U.S. Senate candidate pans Obama’s plans in area campaign stops
Lawrence — U.S. Rep. Jerry Moran would like to see the federal government get rid of its ownership in private companies within the next year.
“The idea that this can just last forever, for one, is troublesome financially,” said Moran, who was in Lawrence on Monday. “… But two, business will make better decisions than some group of bureaucrats in Washington, D.C., deciding how the market should operate.”
The Hays Republican and Kansas University graduate who now represents most of western and central Kansas in the U.S. House addressed the Lawrence Rotary Club at the Lawrence Holidome. He is seeking a U.S. Senate seat in 2010, and will face Rep. Todd Tiahrt, R-Goddard, in the GOP primary.
Later on Monday, Moran made campaign stops in Tonganoxie and Fort Leavenworth.
During an interview, Moran said that in the wake of the current economic crisis, Congress should craft a plan that is fair to taxpayers while ridding government of its holdings in bankrupt auto giants General Motors and Chrysler and other major companies.
“Kansans generally believe that we need greater fiscal responsibility, and this is not a Republican-Democrat thing,” Moran said.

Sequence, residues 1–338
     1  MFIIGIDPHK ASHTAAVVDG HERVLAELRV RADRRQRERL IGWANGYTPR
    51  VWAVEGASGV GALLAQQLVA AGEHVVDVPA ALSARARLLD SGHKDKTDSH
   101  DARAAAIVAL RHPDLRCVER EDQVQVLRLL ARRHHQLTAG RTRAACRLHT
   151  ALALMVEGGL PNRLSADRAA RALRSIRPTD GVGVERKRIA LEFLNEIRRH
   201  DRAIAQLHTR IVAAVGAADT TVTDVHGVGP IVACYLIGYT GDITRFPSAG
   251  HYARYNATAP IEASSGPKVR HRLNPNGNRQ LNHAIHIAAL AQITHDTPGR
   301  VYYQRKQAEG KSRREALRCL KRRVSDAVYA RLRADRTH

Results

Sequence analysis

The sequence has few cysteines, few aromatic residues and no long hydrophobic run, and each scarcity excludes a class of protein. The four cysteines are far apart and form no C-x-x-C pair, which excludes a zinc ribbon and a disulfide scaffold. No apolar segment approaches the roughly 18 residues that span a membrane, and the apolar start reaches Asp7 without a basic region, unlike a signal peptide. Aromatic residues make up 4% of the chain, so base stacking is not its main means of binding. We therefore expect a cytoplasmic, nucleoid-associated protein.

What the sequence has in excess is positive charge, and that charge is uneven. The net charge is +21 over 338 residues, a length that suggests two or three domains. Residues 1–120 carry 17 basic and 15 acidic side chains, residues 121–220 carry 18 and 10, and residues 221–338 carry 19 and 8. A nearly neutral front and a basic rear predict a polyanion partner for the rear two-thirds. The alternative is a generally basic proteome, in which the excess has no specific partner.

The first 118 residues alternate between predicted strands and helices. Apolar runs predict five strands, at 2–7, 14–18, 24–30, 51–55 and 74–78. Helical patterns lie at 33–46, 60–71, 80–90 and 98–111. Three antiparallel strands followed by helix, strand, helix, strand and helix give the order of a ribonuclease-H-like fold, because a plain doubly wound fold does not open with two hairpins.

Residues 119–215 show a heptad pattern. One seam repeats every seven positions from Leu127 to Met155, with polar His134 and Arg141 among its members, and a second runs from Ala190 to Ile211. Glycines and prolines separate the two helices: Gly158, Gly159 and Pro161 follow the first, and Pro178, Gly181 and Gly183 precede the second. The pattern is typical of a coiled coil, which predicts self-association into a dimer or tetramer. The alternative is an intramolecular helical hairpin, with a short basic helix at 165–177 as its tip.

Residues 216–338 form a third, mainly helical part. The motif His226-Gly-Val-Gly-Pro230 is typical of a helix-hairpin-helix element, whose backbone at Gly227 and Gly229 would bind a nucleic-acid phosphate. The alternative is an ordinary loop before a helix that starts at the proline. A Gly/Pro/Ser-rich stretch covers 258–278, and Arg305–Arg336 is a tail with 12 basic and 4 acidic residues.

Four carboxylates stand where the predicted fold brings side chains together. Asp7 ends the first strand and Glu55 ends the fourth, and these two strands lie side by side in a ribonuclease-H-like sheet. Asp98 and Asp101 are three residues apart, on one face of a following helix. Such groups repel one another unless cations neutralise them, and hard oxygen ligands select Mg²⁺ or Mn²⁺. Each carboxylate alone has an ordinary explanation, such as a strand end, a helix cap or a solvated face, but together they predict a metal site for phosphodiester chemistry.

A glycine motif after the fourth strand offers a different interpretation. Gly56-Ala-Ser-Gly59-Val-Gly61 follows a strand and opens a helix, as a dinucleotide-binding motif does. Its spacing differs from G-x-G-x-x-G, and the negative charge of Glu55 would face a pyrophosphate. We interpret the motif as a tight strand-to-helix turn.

The Obama administration and Democratic leaders in Congress are seeking major health-care reform. Moran said a recent Congressional Budget Office estimate likely would take the plan off the fast track. The estimate put its cost at $1 trillion over 10 years, but only about one-third of people currently without health insurance would gain coverage.
Moran said he would be wary of any public health insurance option that would compete with private insurers. Rather, Congress should focus on reducing the overall cost of health care by, for example, encouraging efficiencies in the industry.
“Make sure that rural health care providers and rural patients don’t get forgotten,” Moran said.
Moran, who was scheduled to visit Fort Leavenworth Monday afternoon, said President Obama needed to craft a plan addressing what to do with terrorist suspects held in Guantanamo Bay before closing the facility in Cuba. Kansas political leaders have strongly opposed moving any detainees to Fort Leavenworth.
“Everything I know about Fort Leavenworth suggests that that would be a terrible mistake,” he said.
More like this story
- Kansas closer to allowing concealed carry with no permit
- Kansas Senate approves concealed carry of guns without training or permit
- Searching for signs of Spring to end winter blues
- Easter a clear favorite for hard-boiled egg fan
- Southern Leavenworth County Leadership Development to celebrate 25 years April 9